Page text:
Latest edition of monthly newsletter

June 19, 2014 in Local, Parliament

The latest edition of my monthly newsletter is now available to read online here.

Progress article on Cameron and Juncker

June 18, 2014 in Parliament

Isolated and facing humiliation over Juncker, Cameron has badly hurt the national interest and the reformist cause in Europe – my piece for Progress Online, available to read here.

Letter on shale gas extraction

June 18, 2014 in Local, Parliament

Below is the letter I have sent to constituents who have recently contacted me regarding shale gas extraction:

Thank you for contacting me recently regarding shale gas extraction and the Government’s announcement in the Queen’s Speech.

Labour believes shale gas extraction should only go ahead if there is robust regulation, comprehensive monitoring and strict enforcement, and in a way which is consistent with decarbonising our electricity supply by 2030.

Gas is a fuel which remains vital to the operation of our homes, services and businesses in the UK. 80% of our homes rely on gas for heating, while around 30% of our electricity comes from gas fired power stations. While low carbon power generation will reduce our reliance on fossil fuels over time, we will still need flexible power to help manage peaks in demand. Projections from the National Grid expect gas continuing to play an important role in our energy system for many years to come.

While demand for gas continues to be high, our ability to source this fuel from within our own borders has been steadily declining. In 2004, the UK became a net importer of gas for the first time since North Sea extraction began. For those reasons, the possibility to source gas from the UK should not be ruled out without careful consideration, especially given the recent behaviour of President Putin and the reliance of much of the rest of Europe on Russian gas.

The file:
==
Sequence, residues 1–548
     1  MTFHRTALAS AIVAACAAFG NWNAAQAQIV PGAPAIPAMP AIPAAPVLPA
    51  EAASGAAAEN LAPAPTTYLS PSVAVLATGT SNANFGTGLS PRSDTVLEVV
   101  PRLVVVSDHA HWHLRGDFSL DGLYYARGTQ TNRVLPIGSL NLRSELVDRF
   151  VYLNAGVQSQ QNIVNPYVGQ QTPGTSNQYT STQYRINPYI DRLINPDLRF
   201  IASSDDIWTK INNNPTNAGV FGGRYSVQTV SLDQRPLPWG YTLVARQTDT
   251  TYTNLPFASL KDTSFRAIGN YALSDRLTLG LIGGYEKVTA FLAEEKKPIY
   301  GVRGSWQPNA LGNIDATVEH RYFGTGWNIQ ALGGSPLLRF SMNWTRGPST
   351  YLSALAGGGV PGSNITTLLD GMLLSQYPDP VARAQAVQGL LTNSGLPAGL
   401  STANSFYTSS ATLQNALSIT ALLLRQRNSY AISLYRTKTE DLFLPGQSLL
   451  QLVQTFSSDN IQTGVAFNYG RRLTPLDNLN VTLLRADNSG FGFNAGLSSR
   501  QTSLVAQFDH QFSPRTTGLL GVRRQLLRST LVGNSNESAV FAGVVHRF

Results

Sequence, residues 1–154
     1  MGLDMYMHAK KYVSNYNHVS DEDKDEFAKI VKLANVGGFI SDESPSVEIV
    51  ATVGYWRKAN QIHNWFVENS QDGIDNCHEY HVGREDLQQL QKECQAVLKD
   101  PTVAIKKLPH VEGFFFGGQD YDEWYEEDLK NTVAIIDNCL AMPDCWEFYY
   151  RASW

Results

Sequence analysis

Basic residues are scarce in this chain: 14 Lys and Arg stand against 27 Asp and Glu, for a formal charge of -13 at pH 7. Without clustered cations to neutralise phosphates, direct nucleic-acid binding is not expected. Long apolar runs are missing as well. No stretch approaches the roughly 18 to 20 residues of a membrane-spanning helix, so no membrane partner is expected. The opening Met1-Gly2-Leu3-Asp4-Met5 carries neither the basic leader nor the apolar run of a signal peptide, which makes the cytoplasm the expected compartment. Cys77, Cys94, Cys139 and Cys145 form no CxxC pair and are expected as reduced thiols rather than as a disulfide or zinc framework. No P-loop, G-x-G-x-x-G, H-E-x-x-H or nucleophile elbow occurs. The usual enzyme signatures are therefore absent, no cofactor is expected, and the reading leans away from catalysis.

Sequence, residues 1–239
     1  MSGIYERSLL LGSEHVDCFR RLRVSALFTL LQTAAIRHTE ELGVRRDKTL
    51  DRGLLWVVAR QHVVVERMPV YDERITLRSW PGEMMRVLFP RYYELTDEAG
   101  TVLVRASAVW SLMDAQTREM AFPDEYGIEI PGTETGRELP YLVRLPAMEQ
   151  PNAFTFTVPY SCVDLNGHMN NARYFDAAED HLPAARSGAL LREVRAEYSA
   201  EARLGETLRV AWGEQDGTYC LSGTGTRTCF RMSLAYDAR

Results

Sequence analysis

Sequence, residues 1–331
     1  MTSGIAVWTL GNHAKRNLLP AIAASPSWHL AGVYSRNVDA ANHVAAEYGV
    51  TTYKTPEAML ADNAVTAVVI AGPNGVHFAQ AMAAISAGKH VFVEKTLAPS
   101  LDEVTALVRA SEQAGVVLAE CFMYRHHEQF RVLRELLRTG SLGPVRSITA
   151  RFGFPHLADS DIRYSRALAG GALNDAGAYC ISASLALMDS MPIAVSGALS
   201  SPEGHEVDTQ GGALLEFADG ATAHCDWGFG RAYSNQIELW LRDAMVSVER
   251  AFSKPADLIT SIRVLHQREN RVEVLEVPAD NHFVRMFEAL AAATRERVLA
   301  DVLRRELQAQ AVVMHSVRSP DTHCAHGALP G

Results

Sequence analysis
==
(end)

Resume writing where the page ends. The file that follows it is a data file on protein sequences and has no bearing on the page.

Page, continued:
The Government’s Infrastructure Bill proposes changes to the regulations on extracting shale gas. Conventional oil and gas exploration and production mostly involves vertical or near-vertical drilling from one spot at the surface. A well for shale gas, however, will usually run vertically down and then extend horizontally for some distance – this could be as much as 2 miles, or even more. This would mean that companies would have to seek permission from a large number of landowners. As it stands, the existing legislation allows coal mining, water, sewage and gas transportation pipelines to have underground access without needing the permission of the landowner, but not shale gas or deep geothermal. In reality it would provide an effective block on extracting shale gas and deep geothermal in the UK.

At the end of May the government published a consultation on changes to trespass regulations and confirmed their intention to legislate in the forthcoming Infrastructure Bill. These changes will mean that while shale gas companies will still need the permission of landowners for surface access and still require local planning consent, underpinned by environmental impact assessments, they will not need permission for underground access at depths of 300m or more. Labour does not oppose these reforms. However, the issue of underground access rights is separate from the environmental and safety framework. Only by fully addressing legitimate environmental and safety concerns about extracting shale gas with robust regulation, comprehensive monitoring and strict enforcement will people have confidence that the exploration and possible extraction of shale gas is a safe and reliable source that can contribute to the UK’s energy mix.